I've heard many of the benefits of using TestStand but I still don't like it (the only thing I appreciate about it is that it'll manage User privileges for you). I'm sure that I'll find an application for it that I can't accomplish easily in LabVIEW (like when I need to handle multiple UUTs and share resources among them - that'll happen soon (yeah, right)), but for now I can't get past the feeling that it's just another text-based mess.

I mean, who programs in text anymore? Really...

Share this post


Link to post
Share on other sites

QUOTE (jcarmody @ Apr 10 2009, 02:09 PM)

I've heard many of the benefits of using TestStand but I still don't like it (the only thing I appreciate about it is that it'll manage User privileges for you). I'm sure that I'll find an application for it that I can't accomplish easily in LabVIEW (like when I need to handle multiple UUTs and share resources among them - that'll happen soon (yeah, right)), but for now I can't get past the feeling that it's just another text-based mess.

I mean, who programs in text anymore? Really...

TestStand is not a text based scripting tool. Where are you getting that from?

Share this post


Link to post
Share on other sites

QUOTE (jcarmody @ Apr 10 2009, 12:09 PM)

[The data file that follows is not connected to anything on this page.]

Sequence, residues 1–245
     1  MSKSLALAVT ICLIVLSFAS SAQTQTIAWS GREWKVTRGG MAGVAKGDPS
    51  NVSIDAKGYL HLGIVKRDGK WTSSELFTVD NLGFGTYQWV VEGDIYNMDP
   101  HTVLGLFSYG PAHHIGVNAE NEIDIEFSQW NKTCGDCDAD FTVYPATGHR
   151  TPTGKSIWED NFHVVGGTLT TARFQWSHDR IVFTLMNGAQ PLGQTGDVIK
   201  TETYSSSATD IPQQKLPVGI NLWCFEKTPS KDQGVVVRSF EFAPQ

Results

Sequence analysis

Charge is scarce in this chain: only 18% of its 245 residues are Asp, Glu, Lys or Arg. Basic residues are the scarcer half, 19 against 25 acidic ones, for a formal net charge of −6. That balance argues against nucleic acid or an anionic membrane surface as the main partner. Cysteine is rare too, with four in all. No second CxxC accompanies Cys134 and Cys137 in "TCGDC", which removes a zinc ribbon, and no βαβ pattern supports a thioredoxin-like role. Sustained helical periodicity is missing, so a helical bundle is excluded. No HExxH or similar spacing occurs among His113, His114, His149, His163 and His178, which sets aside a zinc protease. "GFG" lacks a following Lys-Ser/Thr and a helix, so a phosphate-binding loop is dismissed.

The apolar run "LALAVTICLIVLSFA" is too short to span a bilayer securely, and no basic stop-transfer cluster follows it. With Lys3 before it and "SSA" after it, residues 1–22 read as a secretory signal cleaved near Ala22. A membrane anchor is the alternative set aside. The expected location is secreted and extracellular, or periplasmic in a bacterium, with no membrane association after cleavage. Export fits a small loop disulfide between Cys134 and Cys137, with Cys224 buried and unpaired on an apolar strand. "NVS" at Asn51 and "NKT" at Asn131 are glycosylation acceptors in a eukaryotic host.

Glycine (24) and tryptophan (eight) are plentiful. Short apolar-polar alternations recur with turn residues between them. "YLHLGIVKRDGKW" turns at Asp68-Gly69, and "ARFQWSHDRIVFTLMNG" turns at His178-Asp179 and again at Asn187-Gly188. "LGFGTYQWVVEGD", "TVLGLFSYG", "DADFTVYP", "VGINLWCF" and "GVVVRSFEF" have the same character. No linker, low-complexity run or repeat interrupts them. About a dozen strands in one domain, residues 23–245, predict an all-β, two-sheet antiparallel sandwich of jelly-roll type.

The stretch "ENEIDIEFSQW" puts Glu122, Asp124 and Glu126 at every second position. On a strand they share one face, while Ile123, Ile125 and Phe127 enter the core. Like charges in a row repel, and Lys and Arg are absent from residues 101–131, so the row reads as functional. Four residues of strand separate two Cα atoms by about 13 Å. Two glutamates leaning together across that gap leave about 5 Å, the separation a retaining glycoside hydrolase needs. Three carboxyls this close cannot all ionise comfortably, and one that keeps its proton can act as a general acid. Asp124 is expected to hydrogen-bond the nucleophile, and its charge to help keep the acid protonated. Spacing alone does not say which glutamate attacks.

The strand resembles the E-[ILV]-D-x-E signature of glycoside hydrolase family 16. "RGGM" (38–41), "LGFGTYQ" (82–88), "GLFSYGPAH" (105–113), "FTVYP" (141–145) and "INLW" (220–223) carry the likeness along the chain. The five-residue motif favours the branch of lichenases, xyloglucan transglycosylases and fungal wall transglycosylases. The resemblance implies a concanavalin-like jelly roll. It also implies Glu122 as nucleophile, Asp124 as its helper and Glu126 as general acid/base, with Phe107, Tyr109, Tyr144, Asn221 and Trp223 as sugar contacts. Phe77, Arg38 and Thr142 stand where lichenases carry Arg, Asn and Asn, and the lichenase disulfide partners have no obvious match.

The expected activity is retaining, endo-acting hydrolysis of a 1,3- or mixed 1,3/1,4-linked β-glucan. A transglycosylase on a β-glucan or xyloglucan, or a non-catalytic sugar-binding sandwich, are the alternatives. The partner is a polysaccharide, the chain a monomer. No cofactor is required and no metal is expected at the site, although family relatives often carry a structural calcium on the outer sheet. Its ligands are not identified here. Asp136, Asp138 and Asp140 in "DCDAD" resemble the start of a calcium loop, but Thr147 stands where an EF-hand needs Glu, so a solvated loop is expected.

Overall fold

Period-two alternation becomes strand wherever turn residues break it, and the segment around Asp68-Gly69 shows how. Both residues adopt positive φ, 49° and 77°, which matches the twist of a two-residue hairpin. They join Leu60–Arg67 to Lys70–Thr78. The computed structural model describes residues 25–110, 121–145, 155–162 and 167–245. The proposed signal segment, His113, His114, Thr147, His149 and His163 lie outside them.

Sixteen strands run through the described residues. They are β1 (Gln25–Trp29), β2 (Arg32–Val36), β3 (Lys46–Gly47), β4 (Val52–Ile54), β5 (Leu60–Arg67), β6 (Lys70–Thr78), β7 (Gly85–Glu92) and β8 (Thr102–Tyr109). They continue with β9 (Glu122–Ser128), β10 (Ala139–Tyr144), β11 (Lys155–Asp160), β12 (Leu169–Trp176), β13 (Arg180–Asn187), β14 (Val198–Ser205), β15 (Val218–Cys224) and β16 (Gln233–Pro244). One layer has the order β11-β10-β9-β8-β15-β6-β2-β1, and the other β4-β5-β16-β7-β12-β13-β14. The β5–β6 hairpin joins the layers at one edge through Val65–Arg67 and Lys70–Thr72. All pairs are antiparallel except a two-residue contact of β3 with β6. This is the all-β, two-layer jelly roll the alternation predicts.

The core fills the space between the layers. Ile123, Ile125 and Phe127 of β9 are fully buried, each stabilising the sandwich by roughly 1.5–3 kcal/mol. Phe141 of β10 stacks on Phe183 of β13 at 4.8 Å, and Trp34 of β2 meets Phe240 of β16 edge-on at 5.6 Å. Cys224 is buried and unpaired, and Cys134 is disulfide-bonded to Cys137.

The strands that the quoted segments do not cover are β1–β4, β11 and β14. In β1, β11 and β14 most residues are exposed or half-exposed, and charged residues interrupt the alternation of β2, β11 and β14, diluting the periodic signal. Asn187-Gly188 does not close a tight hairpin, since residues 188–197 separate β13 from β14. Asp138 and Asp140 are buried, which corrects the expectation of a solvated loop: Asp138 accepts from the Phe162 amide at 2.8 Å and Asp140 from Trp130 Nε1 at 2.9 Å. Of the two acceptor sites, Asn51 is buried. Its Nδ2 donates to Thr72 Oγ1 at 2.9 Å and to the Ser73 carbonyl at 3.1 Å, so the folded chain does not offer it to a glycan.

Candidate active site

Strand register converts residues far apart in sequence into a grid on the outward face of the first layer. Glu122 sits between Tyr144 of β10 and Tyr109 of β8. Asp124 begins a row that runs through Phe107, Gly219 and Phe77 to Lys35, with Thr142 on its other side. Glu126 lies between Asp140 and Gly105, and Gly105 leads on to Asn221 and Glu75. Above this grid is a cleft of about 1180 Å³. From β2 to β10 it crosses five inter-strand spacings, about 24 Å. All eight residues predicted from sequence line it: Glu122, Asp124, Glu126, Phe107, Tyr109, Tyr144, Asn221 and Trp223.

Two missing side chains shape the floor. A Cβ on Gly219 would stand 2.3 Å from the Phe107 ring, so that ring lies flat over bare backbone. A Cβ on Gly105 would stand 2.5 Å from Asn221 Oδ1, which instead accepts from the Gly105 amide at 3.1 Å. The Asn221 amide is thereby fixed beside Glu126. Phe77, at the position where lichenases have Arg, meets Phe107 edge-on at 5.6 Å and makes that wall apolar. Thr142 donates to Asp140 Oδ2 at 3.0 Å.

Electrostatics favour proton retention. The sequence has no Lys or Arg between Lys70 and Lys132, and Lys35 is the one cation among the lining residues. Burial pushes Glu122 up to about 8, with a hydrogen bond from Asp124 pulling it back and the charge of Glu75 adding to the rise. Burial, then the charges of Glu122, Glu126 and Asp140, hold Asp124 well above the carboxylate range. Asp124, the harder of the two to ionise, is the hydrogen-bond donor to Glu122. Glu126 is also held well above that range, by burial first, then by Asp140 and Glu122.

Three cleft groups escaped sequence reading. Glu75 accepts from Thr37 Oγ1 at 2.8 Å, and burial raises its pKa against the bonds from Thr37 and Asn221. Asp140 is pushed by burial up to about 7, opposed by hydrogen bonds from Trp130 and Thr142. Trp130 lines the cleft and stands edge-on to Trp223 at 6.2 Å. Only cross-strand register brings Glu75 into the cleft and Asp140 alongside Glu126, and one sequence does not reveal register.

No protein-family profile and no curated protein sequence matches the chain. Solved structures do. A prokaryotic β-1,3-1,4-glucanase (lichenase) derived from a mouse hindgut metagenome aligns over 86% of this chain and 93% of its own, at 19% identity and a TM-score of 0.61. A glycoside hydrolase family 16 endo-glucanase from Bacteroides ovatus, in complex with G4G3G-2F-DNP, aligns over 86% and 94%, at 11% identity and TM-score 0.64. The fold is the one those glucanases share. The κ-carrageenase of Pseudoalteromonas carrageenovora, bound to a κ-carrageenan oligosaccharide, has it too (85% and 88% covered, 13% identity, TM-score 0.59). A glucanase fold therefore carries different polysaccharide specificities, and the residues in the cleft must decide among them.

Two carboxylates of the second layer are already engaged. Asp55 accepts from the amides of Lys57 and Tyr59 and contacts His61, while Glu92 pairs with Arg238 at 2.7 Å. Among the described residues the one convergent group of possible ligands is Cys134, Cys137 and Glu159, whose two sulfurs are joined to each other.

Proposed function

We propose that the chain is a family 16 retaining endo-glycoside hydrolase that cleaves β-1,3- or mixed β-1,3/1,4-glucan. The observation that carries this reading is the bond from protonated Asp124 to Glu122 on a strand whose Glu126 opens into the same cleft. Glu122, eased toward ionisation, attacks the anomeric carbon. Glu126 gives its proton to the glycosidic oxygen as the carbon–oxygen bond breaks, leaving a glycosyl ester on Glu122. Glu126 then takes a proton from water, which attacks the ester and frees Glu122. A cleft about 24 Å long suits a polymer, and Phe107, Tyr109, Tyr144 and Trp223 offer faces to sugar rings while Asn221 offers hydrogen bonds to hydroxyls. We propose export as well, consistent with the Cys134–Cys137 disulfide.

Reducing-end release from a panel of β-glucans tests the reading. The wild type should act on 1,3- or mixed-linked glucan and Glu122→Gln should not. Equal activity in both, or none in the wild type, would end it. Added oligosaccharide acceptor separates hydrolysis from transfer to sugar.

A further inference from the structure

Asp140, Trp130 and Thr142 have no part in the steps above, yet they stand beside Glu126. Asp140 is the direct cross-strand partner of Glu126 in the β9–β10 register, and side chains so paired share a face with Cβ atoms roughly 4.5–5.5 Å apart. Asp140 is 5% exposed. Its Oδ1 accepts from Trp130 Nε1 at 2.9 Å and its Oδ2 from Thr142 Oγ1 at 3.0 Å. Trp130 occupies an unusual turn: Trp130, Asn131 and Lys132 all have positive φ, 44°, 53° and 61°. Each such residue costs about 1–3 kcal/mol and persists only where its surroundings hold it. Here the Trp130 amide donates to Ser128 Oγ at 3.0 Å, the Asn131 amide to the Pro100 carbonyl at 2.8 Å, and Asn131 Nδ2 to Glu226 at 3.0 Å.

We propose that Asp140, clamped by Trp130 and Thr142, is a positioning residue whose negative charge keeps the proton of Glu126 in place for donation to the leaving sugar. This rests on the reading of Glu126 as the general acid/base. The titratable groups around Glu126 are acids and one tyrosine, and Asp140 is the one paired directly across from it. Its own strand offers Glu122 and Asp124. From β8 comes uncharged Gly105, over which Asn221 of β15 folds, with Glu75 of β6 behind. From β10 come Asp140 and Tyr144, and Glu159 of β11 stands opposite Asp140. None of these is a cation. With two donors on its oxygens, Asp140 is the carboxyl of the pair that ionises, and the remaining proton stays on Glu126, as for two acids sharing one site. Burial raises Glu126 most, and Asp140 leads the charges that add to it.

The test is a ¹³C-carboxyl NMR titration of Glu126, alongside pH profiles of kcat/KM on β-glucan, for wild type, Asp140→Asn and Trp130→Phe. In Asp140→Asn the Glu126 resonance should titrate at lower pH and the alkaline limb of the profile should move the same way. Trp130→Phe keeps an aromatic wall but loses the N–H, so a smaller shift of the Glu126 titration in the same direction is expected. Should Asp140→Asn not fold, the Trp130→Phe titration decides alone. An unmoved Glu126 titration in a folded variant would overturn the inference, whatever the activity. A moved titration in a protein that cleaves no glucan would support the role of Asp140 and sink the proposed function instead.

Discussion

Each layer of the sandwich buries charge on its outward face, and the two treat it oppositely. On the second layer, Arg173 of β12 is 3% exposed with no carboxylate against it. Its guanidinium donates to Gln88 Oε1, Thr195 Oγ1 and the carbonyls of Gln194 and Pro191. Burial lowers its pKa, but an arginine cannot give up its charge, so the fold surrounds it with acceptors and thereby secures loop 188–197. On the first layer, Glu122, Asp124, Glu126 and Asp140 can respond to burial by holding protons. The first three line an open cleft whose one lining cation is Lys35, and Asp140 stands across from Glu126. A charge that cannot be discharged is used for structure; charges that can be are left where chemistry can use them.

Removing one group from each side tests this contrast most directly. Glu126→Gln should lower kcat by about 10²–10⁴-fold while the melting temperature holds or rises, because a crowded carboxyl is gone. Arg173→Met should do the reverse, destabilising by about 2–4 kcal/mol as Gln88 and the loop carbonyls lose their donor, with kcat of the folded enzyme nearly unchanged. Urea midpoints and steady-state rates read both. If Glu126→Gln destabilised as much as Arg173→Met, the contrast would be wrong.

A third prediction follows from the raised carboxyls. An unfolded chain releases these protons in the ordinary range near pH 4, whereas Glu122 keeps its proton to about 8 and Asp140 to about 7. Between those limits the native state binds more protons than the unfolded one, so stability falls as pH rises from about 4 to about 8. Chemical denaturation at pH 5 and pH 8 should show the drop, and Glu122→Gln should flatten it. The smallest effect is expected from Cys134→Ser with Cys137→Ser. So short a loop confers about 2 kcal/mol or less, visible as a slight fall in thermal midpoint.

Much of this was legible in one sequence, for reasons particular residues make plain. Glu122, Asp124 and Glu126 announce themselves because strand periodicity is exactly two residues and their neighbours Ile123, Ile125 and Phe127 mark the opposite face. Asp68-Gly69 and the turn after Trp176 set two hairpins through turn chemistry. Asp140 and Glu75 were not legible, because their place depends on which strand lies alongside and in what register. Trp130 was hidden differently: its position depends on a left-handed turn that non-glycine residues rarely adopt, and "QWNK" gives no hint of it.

I can't get past the feeling that it's just another text-based mess.

What do you mean? There is nothing text based about creating a test in TestStand.

Where TestStand has proven useful for us is in reducing the time it takes to create tests for new devices. The TestStand process model is customized to our data collection system, our report generation system, our failure tracking system, etc. None of this changes from one device to the next. We maintain a library of common modules (done mostly in LabVIEW) that can be reused for multiple products. When it comes time to create a test system for a new DMM, we write the DMM driver (again in LabVIEW) and then it's just a matter of dropping the test VIs into a new sequence file in the right order and setting the limits. The new driver handles communication with the UUT, and once we get the data out we can run it into our standard test VIs (DC Voltage, AC voltage, Capacitance, etc.). We don't have to worry about logging data for each step, or generating a calibration certificate for each UUT because TestStand does all of that for us (based on the process model that we developed once).

Share this post


Link to post
Share on other sites

I've run some fairly large, mulitple DUT testing programs without TestStand. VI templates under an executive VI worked OK for me, but maybe my idea of "large" is different than yours. And I don't think I've ever seen TestStand in action to really appreciate it. I don't like the cost. It's way to expensive. It's hard enough to convince the boss to keep up to date with the latest version of LV.

Share this post


Link to post
Share on other sites

QUOTE (PaulG. @ Apr 10 2009, 02:43 PM)

I don't like the cost. It's way to expensive. It's hard enough to convince the boss to keep up to date with the latest version of LV.

Yes, cost is one negative of TestStand. Unlike LabVIEW you can't freely distribute your executable. TestStand requires a deployment license. In terms of the cost for the development system that is fairly easily recouped by the productivity increase. As mentioned earlier TestStand does have a fairly steep learning curve but once you understand how it works it is fairly easy to work with.